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Updated 7 hours ago
With injuries knocking players out of the Penguins lineup left and right, what general manager Jim Rutherford craved more than anything with six days left until the NHL trade deadline was some stability on his blue line.
So he picked up one of the steadier players on the market.
The Penguins acquired defenseman Ron Hainsey from the Carolina Hurricanes on Thursday for a second-round pick in the 2017 draft and minor-league winger Danny Kristo.
Since joining the Hurricanes in 2013, the 35-year-old Hainsey has missed only two games. In all four of his seasons with the team, he's averaged between 21 and 23 minutes of ice time and recorded between 10 and 19 points.
Although he recorded three straight 30-point seasons in the middle of his career, he's settled into a penalty-killing role in his 30s. He's one of 16 NHL players this season to average more than three minutes of shorthanded ice time per game.
“I think he's a really underrated player,” said winger Eric Fehr, who played with Hainsey in Winnipeg in 2011-12. “He's got a real long stick, and he's always in the right spot. He just very silently goes about his business. I think he's a great addition.”
Hainsey got the news while at Hurricanes practice Thursday morning. He squeezed in a workout, packed his bags, stopped at his 6-year-old daughter's school to tell her daddy would be playing for a new team and hopped a flight to Pittsburgh.
Hainsey is the active NHL player with the most games played without a playoff appearance. That is about to change.
“It's not just a playoff team, right? It's a team that obviously won last year ,and I hope I'm not overstepping my bounds by saying it's a team that expects to win this year,” Hainsey said. “That's certainly the most exciting part of it. (Carolina GM Ron Francis) told me this morning it was Pittsburgh, and if you could pick a spot where you say, ‘If we don't win the Stanley Cup, we're going to be disappointed,' this would certainly qualify.”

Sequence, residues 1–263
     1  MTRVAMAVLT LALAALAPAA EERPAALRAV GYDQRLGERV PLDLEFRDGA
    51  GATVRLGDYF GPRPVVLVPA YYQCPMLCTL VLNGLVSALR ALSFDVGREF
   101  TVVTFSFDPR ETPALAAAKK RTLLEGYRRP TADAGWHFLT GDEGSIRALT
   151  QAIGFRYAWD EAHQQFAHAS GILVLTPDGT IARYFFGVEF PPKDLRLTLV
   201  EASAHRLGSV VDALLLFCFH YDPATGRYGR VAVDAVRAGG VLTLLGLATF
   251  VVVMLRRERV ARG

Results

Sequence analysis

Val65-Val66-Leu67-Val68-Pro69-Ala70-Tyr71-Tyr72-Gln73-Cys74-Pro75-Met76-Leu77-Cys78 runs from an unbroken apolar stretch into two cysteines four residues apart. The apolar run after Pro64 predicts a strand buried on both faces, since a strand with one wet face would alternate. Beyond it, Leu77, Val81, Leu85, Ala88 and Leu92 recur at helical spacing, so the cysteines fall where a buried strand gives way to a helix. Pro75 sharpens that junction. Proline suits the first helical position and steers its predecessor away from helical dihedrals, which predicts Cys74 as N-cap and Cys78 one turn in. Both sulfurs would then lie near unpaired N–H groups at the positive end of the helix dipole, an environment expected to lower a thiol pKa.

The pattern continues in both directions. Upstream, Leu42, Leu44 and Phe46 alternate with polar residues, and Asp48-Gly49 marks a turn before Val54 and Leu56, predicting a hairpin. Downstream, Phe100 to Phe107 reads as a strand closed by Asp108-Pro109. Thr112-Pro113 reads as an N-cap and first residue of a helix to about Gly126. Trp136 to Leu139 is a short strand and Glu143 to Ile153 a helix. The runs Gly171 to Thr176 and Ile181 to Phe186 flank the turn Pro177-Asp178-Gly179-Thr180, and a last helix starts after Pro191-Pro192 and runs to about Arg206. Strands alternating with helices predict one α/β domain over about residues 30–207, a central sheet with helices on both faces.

Rutherford said he and team officials will decide soon whether to pursue further reinforcements on defense before Wednesday's trade deadline.
“I'd say in the next 24 hours, we'll make that decision,” Rutherford said. “You know, you can look at that in two ways. You add another NHL defenseman, and (when) you're totally healthy, then you have a situation where you have one or two guys that aren't happy sitting in the stands. Then you look at it the other way where you can never have enough and you're hurt all the time, and you may need one. We're thinking about that right now.”
The Hurricanes will pay half of Hainsey's salary of $2,833,333, which Rutherford said was a necessity to make the deal work for the Penguins from a salary cap perspective. Hainsey will be an unrestricted free agent in July.
If the Penguins knew Olli Maatta's hand or Daley's knee would keep them out for the rest of the regular season, they could place one or both on the long-term injured list and acquire replacement players with commensurate salaries. Rutherford said he thinks both will be back before season's end, however.
Without an LTIR exemption, the Penguins essentially would have to move players out on a dollar-for-dollar basis with players they bring in.
Rutherford didn't rule out a more complicated or comprehensive transaction in the next five days, but he acknowledged he would have to get “creative” to make it happen.
He also downplayed the likelihood of a Marc-Andre Fleury trade before the deadline, saying he would talk to the veteran goaltender about his wishes in the next few days, but “he very well could be part of our team down the stretch.”
Rutherford also didn't rule out standing pat beyond the addition of Hainsey.
“As long as we get rested and we're healthy, I feel very confident,” he said. “This is a good team.”
Jonathan Bombulie is a Tribune-Review staff writer. Reach him at email@example.com or via Twitter at @BombulieTrib.
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